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ETHNIC EATING

Pakistanis Set Spicy Table at Bundoo Khan

October 20, 1989|BARBARA HANSEN | TIMES STAFF WRITER

Picture a free-living Pathan tribesman on Pakistan's northwest frontier. He takes a handful of chopped meat, spices it vigorously and tosses it onto the grill. Pressing the meat flat with a big, rough hand, he cooks it to a sizzling, earthy brown. This is chaplee kebab , and you can have it at Bundoo Khan, a new Pakistani restaurant in mid Los Angeles.

Pakistan's Northwest Frontier Province is mountainous land adjoining Afghanistan. In this rugged terrain, even vegetables are boldly cooked. Strong notes of vinegar, lemon juice and ginger turn a combination of ordinary produce such as cauliflower, broccoli and carrots into a dish that demands respect. And frontier gosht adds powerful seasonings to beef cubes grilled Pathan style.

Away from the frontier, food is pretty zesty too, judging by the rest of Bundoo Khan's menu. Karahi gosht can be downright dangerous if you bite into one of the small green chiles simmered with this lamb dish. The grilled morsels of beef called boti kebab are thick with spice paste, and seekh kebab shows how spices can electrify ground beef.

Even the vegetable samosas are exciting thanks to bright seasonings that include dried pomegranate seeds, cumin and garam masala. Another vegetable dish, aloo palak , includes spinach that might have been too hot for Popeye. The spinach hides little cubes of potato, and its dark hue shows off a scattering of golden channa dal , one of the pulses that add protein to Indian vegetarian dishes.

One has to admire a fledgling restaurant (it opened in June) that is courageous enough to serve this intensely flavored food rather than taming it down for average palates.

Pakistan is an Islamic state, and Bundoo Khan is Islamic right down to the sign by the door that warns against the drinking of alcoholic beverages. The flowing Arabic inscriptions on the wall plaques are passages from the Koran. And the menu makes it clear that the food is halal , meaning acceptable to Muslims. Meats come from animals that have been slaughtered according to Islamic precepts; pork is excluded.

A rare Muslim dish that Bundoo Khan offers occasionally is haleem , a highly seasoned puree that includes whole wheat, three kinds of lentils and beef. The texture and flavor call to mind refried beans, but instead of cheese, the dish is garnished with fried onion shreds and ginger. Another special dish, nihari , features shreddy beef in a dark sauce that has a strong note of cloves. Ginger shreds and sliced hot green chiles augment the spices.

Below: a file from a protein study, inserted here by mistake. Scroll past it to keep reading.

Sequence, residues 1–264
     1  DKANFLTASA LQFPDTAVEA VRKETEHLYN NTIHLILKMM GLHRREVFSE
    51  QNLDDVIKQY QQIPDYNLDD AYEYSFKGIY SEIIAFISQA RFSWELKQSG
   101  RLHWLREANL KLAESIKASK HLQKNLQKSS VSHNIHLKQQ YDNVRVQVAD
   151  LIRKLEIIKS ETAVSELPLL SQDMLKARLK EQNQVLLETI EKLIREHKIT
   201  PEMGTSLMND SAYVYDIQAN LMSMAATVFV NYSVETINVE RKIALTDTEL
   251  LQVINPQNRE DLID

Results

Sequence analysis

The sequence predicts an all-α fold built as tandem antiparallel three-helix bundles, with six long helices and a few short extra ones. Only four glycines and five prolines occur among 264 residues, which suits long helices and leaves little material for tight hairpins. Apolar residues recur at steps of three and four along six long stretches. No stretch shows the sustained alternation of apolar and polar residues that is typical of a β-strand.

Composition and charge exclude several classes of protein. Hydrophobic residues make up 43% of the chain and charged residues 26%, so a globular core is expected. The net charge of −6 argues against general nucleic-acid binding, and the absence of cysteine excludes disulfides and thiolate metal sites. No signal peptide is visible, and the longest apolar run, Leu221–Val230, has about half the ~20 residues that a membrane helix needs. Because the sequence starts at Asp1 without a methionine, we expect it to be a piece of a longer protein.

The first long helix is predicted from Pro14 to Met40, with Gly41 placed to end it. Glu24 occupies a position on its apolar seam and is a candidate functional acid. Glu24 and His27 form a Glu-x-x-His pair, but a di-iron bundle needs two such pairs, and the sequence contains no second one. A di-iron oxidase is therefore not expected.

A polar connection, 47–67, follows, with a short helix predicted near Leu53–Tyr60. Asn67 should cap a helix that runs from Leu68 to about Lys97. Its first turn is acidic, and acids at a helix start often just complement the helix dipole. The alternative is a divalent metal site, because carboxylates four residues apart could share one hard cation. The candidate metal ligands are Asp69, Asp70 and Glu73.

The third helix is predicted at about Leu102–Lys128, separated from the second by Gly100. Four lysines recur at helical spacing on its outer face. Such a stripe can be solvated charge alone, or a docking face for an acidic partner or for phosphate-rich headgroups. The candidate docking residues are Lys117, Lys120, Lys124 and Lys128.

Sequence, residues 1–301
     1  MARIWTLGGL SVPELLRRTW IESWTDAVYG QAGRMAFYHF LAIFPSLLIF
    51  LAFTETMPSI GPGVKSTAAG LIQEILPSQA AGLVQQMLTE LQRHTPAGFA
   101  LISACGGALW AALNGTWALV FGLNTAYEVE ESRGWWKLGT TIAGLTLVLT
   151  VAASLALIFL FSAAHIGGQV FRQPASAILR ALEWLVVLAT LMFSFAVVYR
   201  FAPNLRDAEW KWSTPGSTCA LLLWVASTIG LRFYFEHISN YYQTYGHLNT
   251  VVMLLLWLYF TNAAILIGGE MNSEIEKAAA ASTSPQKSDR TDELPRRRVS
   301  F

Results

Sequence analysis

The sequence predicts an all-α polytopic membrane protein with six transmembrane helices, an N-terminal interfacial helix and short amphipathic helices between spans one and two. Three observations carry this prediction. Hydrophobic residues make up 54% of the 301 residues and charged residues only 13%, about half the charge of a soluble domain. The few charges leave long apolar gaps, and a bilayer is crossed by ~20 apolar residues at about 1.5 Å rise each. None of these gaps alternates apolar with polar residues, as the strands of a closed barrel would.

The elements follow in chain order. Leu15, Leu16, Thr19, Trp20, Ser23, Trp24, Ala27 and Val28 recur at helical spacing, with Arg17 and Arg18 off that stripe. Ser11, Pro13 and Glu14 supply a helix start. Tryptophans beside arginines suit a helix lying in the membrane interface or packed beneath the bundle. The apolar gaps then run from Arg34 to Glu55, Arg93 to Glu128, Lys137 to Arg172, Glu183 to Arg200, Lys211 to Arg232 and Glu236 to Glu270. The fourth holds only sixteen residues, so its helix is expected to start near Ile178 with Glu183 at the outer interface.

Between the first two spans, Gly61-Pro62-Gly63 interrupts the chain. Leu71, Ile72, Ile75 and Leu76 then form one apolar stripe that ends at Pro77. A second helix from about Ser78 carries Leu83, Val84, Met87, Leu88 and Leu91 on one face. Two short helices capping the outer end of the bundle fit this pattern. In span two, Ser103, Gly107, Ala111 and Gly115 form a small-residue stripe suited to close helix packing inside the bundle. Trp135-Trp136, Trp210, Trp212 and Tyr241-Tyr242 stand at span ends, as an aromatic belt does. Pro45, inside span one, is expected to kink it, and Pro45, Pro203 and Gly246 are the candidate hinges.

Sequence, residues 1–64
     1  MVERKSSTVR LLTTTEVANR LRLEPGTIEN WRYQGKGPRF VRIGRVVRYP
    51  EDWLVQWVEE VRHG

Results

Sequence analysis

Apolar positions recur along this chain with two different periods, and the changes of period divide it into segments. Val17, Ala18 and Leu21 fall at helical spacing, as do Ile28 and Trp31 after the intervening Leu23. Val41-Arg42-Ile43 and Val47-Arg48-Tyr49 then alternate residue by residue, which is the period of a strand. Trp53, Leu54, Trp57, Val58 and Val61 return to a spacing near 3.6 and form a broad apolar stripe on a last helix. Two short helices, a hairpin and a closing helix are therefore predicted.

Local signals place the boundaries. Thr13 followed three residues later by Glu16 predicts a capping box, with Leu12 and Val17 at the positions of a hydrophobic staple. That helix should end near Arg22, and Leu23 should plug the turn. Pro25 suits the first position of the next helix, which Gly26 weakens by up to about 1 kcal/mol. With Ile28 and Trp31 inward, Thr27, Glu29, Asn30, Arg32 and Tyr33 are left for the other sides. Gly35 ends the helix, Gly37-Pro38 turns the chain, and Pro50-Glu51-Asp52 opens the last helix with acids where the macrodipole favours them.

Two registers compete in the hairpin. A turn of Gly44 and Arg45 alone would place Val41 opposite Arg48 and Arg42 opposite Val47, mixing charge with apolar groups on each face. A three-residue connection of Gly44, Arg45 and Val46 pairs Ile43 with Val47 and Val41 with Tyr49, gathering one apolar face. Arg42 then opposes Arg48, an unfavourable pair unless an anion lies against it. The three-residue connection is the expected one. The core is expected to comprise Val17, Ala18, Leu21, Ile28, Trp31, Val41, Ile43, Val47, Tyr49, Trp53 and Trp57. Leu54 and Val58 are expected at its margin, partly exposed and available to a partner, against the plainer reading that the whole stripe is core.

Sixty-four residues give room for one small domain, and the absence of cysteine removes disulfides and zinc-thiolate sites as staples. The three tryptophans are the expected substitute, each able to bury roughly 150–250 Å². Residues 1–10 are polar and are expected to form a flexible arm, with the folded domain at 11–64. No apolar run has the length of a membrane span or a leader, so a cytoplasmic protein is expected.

Ready-made masalas (spice mixtures) for nihari and haleem are available down the street at the Islamic Food Mart, which is the source of Bundoo Khan's meats. The masalas , imported from Pakistan, come with recipes in English and Arabic. The market also stocks Pakistani mango chutney, which the restaurant serves along with its own tamarind and mint chutneys.

What Bundoo Khan lacks is a tandoor oven, but you wouldn't know that from tasting the tangy, red-tinted chicken tikka . Whole roast chargha chicken curiously had very little flavor, although the seasonings included finely ground jalapenos , cilantro, mint, cloves and peppercorns.

Instead of tandoori breads there are chapatis so large they have to be folded into the bread basket and parathas that are browned in oil to make the exterior crisp and flaky. Pistachio kulfi (ice cream) is far from mild. The flavoring that will make you wonder what you are tasting is kewra essence, which even in small quantities gives the effect of eating lumber in a pine forest. Here the dose is small enough to mute that woodsy quality.

Except for a large chargha chicken at $20 and a whole roast leg of lamb for $50, the prices at Bundoo Khan are low. Most entrees, including the chaplee kebab , haleem and nihari , are $6.95. Two large samosas are $2, and aloo palak and frontier vegetables are each $3.95. Another dish worth trying is lamb biryani , a combination of lamb and rice for $6.95.

Bundoo Khan, 116 S. Vermont Ave., Los Angeles; (213) 380-7574. Open daily from 11 a.m. to 11 p.m. MasterCard and Visa accepted. Free parking in the shopping center lot.

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